Al Franken hilariously stepped in it when he inadvertently agreed with Trump’s SCOTUS Justices

Jul 11, 2023

First, Al Franken left a black mark on Saturday Night Live, then the United States Senate, then a USO Tour.

Now Franken has blackened his own Twitter account.

And Al Franken hilariously stepped in it when he inadvertently agreed with Trump’s SCOTUS Justices.

I’m good enough, smart enough, and gosh darn, people like me

It’s a memory most Americans would like to forget – but former short-lived Saturday Night Live cast member Al Franken was once a Democrat United States Senator from Minnesota.

He was forced to resign after several accusations – along with a picture – of the not-so-funnyman kissing and groping women against their will.

Despite the serious nature of the scandal, the former Stuart Smalley went from being the joke-teller to the butt of the joke.

Franken has struggled to remain relevant ever since.

However, the disgraced former Democrat Senator just put himself back in the limelight with a single tweet – but not in the way he had hoped.

When did Franken get based?

While attempting to criticize a recent Supreme Court of the United States ruling, Franken accidentally agreed with the court’s Republican-appointed majority.

“A CO (Colorado) woman asked me to write homophobic and anti-Semitic jokes to express her hostility to gay-marriage & Jews in general to promote her non-existent web-design business,” Franken tweeted. “Do I have to?”

As countless Twitter users bluntly pointed out to Franken, the answer is obviously, “no.”

In fact, that’s the entire point of the 303 Creative LLC v. Elenis verdict.

The 6-3 verdict ruled that Colorado could not force business owners to perform services that violate religious beliefs or freedom of speech.

The owner of 303 Creative web designs, Lorie Smith, wanted to make it known her new wedding website creative services would not be available for gay weddings.

However, being gay is a protected class in Colorado, therefore her religious beliefs were being violated as she would have been forced to make websites for gay weddings as well.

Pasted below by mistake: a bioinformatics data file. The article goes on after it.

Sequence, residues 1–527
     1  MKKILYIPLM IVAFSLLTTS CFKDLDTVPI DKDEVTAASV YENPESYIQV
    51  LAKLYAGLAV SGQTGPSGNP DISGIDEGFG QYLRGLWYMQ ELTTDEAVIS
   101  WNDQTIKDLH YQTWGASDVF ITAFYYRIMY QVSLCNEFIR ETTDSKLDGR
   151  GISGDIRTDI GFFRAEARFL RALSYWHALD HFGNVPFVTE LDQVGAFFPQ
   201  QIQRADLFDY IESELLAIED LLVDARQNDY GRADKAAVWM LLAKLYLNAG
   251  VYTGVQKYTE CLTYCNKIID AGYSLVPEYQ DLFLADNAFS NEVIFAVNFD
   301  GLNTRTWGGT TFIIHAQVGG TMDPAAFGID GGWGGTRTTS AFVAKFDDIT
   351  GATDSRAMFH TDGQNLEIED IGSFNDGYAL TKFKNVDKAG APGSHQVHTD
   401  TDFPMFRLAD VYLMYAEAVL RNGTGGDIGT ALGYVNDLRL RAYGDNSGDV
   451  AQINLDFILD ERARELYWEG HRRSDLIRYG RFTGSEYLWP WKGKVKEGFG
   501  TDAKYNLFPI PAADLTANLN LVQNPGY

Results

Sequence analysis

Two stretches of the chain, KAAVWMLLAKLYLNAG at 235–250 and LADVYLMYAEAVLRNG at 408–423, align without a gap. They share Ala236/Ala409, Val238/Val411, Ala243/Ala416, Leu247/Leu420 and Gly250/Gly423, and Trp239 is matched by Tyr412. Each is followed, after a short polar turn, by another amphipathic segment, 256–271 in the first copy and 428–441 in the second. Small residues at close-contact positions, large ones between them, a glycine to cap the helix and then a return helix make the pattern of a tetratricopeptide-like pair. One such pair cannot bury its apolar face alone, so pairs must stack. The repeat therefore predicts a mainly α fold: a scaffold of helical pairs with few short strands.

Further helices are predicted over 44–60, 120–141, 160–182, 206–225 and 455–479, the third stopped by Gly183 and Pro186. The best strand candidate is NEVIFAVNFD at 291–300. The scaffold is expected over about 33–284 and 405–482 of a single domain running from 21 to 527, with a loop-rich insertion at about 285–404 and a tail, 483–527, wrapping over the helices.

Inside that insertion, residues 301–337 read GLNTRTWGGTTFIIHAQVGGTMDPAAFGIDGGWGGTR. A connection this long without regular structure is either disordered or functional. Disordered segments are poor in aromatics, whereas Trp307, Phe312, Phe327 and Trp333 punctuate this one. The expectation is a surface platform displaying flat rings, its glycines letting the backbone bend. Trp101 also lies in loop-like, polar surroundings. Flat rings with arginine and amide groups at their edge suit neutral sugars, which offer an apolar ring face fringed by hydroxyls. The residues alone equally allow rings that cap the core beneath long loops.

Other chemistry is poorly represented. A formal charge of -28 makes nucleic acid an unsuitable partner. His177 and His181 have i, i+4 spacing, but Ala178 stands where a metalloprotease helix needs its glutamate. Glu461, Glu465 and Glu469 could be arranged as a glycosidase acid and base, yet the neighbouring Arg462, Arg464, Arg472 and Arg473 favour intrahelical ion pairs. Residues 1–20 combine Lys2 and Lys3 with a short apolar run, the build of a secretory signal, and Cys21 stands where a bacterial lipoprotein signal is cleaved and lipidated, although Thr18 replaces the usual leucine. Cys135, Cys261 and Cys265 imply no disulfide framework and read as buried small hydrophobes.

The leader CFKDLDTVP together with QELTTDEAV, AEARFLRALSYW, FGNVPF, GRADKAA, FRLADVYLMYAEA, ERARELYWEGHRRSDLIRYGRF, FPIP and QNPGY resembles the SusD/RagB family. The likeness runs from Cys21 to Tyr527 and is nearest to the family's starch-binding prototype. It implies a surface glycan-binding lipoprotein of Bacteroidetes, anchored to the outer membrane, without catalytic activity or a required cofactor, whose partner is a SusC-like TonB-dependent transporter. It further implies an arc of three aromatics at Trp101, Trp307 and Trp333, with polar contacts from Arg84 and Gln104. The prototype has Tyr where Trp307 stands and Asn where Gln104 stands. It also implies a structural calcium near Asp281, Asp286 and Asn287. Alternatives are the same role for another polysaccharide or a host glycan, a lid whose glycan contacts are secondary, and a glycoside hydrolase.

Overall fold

Going back to Franken’s faulty analogy – despite his complete misreading of the case and holding – he wouldn’t have been forced to provide services in his hypothetical scenario, as being homophobic nor antisemitic are protected classes under the law.

“Bake the cake, bigot”

The high court’s decision comes about five-years after its ruling in the case of another Colorado resident, Jack Phillips.

Phillips was a baker who refused to make a custom cake for a gay wedding due to his religious beliefs.

His business was subsequently destroyed by fines from the state for his decision.

By a vote of 7-2, the court gave Phillips a narrow victory, holding that the Colorado administrative agency that had ruled against him had treated him unfairly by being too hostile to his sincere religious beliefs.

However, the makeup of the court at the time was four conservatives, four liberals, and one swing vote – Anthony Kennedy, who wrote the majority opinion.

This was before then-President Donald Trump appointed Brett Kavanaugh to replace a retiring Kennedy and Amy Coney Barrett replaced a posthumous Ruth Bader Ginsburg.

The Justices at the time of the ruling did not determine whether or to what extent a service provider’s sincere religious beliefs might have to yield to the state’s interest in protecting the rights of same-sex couples – nor did they decide whether compelling Phillips to bake a cake for a same-sex couple would violate his right to freedom of speech.

The 303 Creative case took the extra steps the Phillips case did not.

No more compelled association

Important to note, being gay is still a protected class – however, businesses are no longer forced to participate if they don’t want to.

In short, the 303 Creative decision now means the government cannot compel you to speech or expression by association.

But in either case, Franken’s attempt at making a sarcastic jab against the Republican-appointed SCOTUS Justices failed.

It failed both at being funny and at being accurate – much like Franken’s time both at SNL and in the Upper Chamber of Congress.

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